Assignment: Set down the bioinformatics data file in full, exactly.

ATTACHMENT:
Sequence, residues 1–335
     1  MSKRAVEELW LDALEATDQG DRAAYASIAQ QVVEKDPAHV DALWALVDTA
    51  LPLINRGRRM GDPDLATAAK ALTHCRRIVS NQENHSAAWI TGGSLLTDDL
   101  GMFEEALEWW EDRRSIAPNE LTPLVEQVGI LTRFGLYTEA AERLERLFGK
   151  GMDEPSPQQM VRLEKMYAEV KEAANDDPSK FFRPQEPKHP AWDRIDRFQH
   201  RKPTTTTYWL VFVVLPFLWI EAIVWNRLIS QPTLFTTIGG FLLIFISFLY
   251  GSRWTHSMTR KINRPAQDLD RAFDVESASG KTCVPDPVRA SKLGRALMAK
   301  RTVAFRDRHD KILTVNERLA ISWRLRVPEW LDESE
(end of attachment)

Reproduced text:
Sequence, residues 1–335
     1  MSKRAVEELW LDALEATDQG DRAAYASIAQ QVVEKDPAHV DALWALVDTA
    51  LPLINRGRRM GDPDLATAAK ALTHCRRIVS NQENHSAAWI TGGSLLTDDL
   101  GMFEEALEWW EDRRSIAPNE LTPLVEQVGI LTRFGLYTEA AERLERLFGK
   151  GMDEPSPQQM VRLEKMYAEV KEAANDDPSK FFRPQEPKHP AWDRIDRFQH
   201  RKPTTTTYWL VFVVLPFLWI EAIVWNRLIS QPTLFTTIGG FLLIFISFLY
   251  GSRWTHSMTR KINRPAQDLD RAFDVESASG KTCVPDPVRA SKLGRALMAK
   301  RTVAFRDRHD KILTVNERLA ISWRLRVPEW LDESE